Serene Forest

Friday, December 1, 2017

Periodic Paralysis IS Life Threatening

Periodic Paralysis IS Life-Threatening

Recently there has been some question about the prognosis for those of us with Periodic Paralysis (PP). Some say that they have read that it is "NOT life-threatening." The following articles refute this misperception. Some PP literature perpetuates the misinformation that PP is not Life-Threatening. This is very scary for us. Doctors and others need to understand that we can die during episodes.

This is one article:
Interesting article about PP from 1994...

The most important information in this article is very important but rarely found anywhere...I have mentioned this many times...but I do not think others believe it. We need to be diagnosed and we need to do everything possible to avoid the episodes...

Periodic paralysis: clinical evaluation in 20 patients

Out of 20 patients:
"Although periodic paralysis may be considered a benign disease we found respiratory distress in 5 patients, permanent myopathy in 1, electrocardiographic abnormalities during crises in 4; death during paralysis occurred in 2. Therefore correct diagnosis and immediate treatment are crucial."


Periodic paralysis and ventricular tachycardia: Possible role of calcium channel blockers
Pediatric Cardiology January 1996, Volume 17, Issue 1, pp 31–34

“Few patients have been reported with familial periodic paralysis and ventricular tachycardia. The natural history of these cases was unfavorable, with most dying because of a presumed cardiac dysrhythmia. We report for the first time the results of an electrophysiologic study of a similar case and the successful use of calcium channel blockers, shedding light on the possible mechanism and management of these patients.”

Cardiac arrhythmias in hypokalemic periodic paralysis: Hypokalemia as only cause?
Muscle Nerve. 2014 Sep;50(3):327-32. doi: 10.1002/mus.24225. Epub 2014 Aug 12.

“Nine patients died from arrhythmia.”

“Clinicians should be aware of and prevent treatment-induced cardiac arrhythmia in HypoPP. “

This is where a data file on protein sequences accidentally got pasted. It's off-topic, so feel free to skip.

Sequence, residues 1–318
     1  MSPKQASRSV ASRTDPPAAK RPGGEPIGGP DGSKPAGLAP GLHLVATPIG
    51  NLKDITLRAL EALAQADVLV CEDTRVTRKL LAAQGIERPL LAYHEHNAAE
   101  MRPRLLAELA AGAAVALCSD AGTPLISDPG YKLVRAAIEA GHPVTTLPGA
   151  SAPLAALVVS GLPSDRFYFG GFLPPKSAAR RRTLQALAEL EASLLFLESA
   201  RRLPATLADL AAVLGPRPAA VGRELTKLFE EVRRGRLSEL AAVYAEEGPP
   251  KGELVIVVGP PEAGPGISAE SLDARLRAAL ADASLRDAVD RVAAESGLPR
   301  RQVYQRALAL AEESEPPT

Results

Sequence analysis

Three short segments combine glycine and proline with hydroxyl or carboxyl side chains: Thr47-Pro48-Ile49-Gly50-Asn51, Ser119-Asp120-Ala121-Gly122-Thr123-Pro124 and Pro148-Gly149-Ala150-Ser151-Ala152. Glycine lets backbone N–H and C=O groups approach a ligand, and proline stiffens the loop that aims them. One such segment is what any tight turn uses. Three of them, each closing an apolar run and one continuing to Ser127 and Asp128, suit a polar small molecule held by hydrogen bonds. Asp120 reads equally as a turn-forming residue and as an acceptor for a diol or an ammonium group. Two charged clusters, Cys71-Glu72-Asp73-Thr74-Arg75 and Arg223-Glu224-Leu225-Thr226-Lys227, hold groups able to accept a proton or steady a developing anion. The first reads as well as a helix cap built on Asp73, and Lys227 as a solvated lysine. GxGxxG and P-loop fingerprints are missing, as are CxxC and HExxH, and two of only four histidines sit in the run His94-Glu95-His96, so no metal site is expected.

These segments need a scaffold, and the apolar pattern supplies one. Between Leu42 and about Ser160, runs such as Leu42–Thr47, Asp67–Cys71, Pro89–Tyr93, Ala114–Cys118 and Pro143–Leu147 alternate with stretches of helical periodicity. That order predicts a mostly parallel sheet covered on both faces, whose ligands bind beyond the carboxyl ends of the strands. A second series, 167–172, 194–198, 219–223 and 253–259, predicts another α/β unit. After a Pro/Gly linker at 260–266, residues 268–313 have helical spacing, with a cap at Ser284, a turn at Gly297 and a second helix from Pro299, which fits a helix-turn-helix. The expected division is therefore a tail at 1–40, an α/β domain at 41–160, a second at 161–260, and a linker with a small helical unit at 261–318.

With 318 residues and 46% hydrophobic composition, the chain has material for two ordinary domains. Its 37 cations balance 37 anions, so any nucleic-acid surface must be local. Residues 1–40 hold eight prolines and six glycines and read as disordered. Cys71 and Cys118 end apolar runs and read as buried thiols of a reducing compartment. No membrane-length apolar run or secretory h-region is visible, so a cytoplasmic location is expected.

Asymptomatic cardiac arrhythmias in periodic paralysis. - NCBI

“These cases of periodic paralysis with associated arrhythmias have been regarded as exclusively ventricular in origin with poor prognosis.:

Hypokalemic Periodic Paralysis with Arrhythmia


A variable prolongation of the QT interval, ventricular bigeminy, and short runs of bidirectional ventricular tachycardia were observed. Sudden death in this syndrome was reported…(1972).


Added 1/18/2017


One had mutations in a potassium ion channel gene, which disrupts the normal firing of neurons; another had mutations in a sodium ion channel gene with a similar function. Both genes are linked to SUDEP in people, and the sodium channel mutation can cause Dravet syndrome,...”

Added 5/17/2017

Hello All,

A few weeks ago I had to wear a heart monitor for two weeks. I finally got the results of it, (ZIOxt) and was not surprised. I have previously been diagnosed with several different arrhythmias. This time two new ones showed up. I had 11 episodes of Supraventricular Tachycardia (SVT). The longest run was 14 beats. I also had what the doctor said was worse than SVT...***Ventricular Tachycardia*** (VT).

The other things that showed up have been recorded previously but no Long QT showed up and there were no Sinus Pause/Arrest with Atrial Escape episodes that showed up like that night in the ER (thank goodness) now we know that it was most likely caused by the drugs given to me that night in the ER as we had expected.

I wanted to share these results for a few reasons…to warn once again about the issues of taking drugs...even in an emergency situation. Much thought must be given to the serious effects they can cause those of us with PP/ATS. I am lucky the atrial part of my heart worked as the pacemaker that night or I would not be here today.

The other issue was that as I was researching what these particular arrhythmia mean, I was reminded in my research that these heart issues/irregular beats are the direct result of the PP.

"What causes ventricular tachycardia?
....But in most cases ventricular tachycardia is caused by heart disease, such as a previous heart attack, a congenital heart defect, hypertrophic or dilated cardiomyopathy, or myocarditis. Sometimes ventricular tachycardia occurs after heart surgery. Inherited heart rhythm problems, such as ***long QT syndrome*** or Brugada syndrome, are rare causes of ventricular tachycardia.